How do you come up with the ideas for your projects? What’s your process?
There is always a lot of research in my projects, obviously. I tend to look through pages and pages of research until a light pings in my brain and I get an idea. Once I have an initial idea, I try to get myself away from a computer, because I get way too ahead of myself. So I make as many doodles and thumbnails as I need until I think I can jump into designing. I’d say most of my time is spend researching, it helps me get an exact image of what I’m creating – I prefer to have an image of exactly what I’m creating before I hop on a computer.
Is there a piece that you’re most proud of?
It’s pretty difficult to pick out one specific piece that I’m proud of. But one that pops into mind is my Penguin Classics redesign, mainly because it was so different to what everyone else came up with. I almost surprised myself with this one. I designed them so the books could potentially attract a new audience, whilst still being visually appealing to an older audience. They are bright and bold – thats what I aim for. Another piece that sticks out to me is the ‘Do Not Open’ posterzine. I collaborated with my friend, another student on the course to create this, and I think it turned out great. We created unique and surreal characters, with bright colours and odd imagery, and piled it all into a slightly disturbing zine. It was a lot of fun to make, and it turned out great.
What are you currently working on?
Currently, I am designing a couple of book covers for the Penguin Books Student Design Award brief. Yes, there is only one non-fiction book on the brief, but I’ve decided to make a crime non-fiction collection. Mainly to give myself a bit more to design and experiment with. I’m really interested to see what the book covers will look like as a collection. I’m also making some initial designs for another project. I’m planning on creating a way for students to communicate and collaborate with other students. Although I’m still on the early stages, so I don’t really know what way in going to take it.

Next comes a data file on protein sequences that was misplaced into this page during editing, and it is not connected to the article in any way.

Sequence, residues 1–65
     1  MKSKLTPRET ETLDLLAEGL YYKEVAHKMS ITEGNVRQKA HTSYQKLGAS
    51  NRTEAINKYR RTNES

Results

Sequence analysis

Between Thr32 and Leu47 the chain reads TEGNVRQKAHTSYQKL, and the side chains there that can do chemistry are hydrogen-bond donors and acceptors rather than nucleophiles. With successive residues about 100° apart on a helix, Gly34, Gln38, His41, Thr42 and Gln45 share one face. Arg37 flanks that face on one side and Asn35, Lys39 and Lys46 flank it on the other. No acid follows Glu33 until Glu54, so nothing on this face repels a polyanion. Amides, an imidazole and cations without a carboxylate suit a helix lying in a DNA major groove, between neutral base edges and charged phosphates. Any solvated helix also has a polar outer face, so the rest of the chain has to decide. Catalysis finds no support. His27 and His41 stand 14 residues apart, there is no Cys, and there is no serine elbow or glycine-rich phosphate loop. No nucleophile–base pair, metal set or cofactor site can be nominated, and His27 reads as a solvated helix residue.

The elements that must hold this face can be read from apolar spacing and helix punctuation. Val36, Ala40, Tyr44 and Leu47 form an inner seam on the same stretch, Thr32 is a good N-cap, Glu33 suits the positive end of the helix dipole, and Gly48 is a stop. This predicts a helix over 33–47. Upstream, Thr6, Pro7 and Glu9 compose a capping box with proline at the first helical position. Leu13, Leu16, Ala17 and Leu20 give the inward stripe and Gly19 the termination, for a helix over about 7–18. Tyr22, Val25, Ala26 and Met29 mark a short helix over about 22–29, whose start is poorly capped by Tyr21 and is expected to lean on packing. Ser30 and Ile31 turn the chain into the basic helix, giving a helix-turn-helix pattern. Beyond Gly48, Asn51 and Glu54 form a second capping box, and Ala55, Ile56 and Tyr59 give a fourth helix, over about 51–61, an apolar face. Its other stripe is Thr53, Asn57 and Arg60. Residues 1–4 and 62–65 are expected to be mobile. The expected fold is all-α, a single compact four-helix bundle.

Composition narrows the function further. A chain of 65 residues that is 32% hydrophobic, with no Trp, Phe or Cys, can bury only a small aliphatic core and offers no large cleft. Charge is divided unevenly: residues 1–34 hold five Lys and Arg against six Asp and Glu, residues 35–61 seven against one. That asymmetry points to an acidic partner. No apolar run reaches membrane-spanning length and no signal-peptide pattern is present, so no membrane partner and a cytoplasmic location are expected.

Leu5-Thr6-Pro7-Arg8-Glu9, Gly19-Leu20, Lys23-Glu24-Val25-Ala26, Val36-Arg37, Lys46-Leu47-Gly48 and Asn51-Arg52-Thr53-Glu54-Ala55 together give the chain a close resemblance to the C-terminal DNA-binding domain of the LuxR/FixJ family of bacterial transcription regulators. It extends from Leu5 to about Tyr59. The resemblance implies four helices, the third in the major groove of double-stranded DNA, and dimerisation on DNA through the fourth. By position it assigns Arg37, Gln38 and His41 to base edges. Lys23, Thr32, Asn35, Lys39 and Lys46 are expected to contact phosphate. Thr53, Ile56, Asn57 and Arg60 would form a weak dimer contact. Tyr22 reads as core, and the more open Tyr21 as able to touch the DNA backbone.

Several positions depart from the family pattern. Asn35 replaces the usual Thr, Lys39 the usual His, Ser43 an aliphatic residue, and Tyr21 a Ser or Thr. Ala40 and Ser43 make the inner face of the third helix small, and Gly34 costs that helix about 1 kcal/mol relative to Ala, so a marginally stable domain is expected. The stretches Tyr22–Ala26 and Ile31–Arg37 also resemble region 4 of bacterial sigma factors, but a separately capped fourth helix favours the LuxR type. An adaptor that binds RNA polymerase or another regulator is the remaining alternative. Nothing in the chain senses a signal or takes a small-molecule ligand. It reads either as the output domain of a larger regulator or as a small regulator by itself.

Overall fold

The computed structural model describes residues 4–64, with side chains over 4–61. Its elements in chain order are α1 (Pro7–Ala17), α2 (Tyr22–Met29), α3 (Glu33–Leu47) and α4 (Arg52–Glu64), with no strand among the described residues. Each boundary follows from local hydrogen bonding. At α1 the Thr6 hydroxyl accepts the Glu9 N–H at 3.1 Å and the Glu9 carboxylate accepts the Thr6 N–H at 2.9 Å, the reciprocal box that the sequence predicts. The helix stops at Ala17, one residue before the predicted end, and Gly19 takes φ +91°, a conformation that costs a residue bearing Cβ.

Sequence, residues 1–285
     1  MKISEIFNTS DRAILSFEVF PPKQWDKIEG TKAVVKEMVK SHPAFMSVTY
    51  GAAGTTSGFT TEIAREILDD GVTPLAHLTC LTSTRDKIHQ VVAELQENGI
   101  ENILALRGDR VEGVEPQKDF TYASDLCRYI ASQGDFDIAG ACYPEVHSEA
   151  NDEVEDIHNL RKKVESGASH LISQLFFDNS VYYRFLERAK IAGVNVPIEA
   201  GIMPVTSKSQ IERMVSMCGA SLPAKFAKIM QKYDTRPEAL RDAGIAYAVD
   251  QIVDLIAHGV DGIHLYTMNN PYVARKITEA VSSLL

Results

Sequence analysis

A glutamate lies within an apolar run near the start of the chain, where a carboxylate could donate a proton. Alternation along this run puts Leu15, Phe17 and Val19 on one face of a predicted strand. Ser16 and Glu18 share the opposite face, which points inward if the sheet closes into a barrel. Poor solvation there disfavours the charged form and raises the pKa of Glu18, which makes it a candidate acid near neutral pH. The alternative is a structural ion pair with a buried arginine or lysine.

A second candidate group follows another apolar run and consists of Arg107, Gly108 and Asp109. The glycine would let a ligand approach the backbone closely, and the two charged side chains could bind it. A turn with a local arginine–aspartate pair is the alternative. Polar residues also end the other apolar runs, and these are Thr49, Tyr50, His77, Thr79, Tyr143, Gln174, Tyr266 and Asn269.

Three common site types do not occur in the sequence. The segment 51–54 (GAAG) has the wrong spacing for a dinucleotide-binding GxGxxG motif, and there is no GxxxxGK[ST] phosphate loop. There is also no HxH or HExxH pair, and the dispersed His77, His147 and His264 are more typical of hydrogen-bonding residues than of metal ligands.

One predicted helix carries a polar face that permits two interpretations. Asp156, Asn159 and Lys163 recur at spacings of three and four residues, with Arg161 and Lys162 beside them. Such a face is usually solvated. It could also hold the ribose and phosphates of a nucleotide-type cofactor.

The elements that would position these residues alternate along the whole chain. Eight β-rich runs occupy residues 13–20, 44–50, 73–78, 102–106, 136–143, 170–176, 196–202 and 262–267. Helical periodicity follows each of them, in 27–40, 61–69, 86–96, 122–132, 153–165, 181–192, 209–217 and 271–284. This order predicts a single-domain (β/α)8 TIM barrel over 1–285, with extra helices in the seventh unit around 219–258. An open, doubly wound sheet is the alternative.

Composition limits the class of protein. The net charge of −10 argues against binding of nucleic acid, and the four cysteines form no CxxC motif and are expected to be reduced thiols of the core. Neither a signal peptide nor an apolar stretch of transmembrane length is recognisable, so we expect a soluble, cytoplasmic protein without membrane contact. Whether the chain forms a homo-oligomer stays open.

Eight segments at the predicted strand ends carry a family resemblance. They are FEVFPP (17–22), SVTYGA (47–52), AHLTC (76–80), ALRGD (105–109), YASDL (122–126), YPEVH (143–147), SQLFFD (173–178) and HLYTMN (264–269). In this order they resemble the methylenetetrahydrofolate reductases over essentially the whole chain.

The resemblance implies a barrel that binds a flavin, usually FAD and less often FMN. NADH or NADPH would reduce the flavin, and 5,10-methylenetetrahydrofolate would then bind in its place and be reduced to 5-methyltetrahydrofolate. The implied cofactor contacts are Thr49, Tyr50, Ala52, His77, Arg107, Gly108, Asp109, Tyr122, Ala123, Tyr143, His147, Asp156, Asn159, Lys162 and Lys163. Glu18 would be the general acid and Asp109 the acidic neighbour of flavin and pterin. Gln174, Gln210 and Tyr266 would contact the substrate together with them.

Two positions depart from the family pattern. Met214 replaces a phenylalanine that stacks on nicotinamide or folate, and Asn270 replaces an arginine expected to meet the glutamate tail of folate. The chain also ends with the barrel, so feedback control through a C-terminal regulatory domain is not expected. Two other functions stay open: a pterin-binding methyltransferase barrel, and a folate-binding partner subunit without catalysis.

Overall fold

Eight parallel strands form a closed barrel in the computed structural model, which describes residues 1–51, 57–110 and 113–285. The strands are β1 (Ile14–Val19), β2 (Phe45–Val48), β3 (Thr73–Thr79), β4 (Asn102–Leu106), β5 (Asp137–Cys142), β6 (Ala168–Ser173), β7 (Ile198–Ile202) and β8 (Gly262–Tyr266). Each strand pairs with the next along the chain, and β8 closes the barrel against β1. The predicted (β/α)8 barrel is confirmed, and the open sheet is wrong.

What do you want to achieve with graphic design? What do you want your work to say, and what kind of commissions do you want to work on?
The main thing I want to achieve with graphic design would be to get a job. It’s such a hard industry to break into, especially within the last ten years or so. I’ll just be happy to say I made it, and I actually do something I enjoy for a living. When it comes to what I want my work to say, as cheesy as it sounds, I want to make people smile. That’s probably the reason I try to make most of my work have a funny side. It’s also a lot more fun making a piece when you have a bit of a laugh designing it.
What has been the most valuable thing you’ve learnt as a student?
Go with your gut. I always hit walls when I’m designing. So sometimes I have to jump in the deep end and go with a certain idea. 9 times out of 10, it’s the better idea.
Do you have a dream project for the future?
When it comes to design, I’m always up for trying something new. So as long as fresh and unique briefs keep coming my way, I’ll be happy. A specific project I’d love to do in the future is completely creating an identity for a store, I know it’s pretty simple but I like the idea building something from the ground up. I also like the idea of trying to pitch the idea to the company, trying to sell them the idea.
View more of Elliot’s work on behance.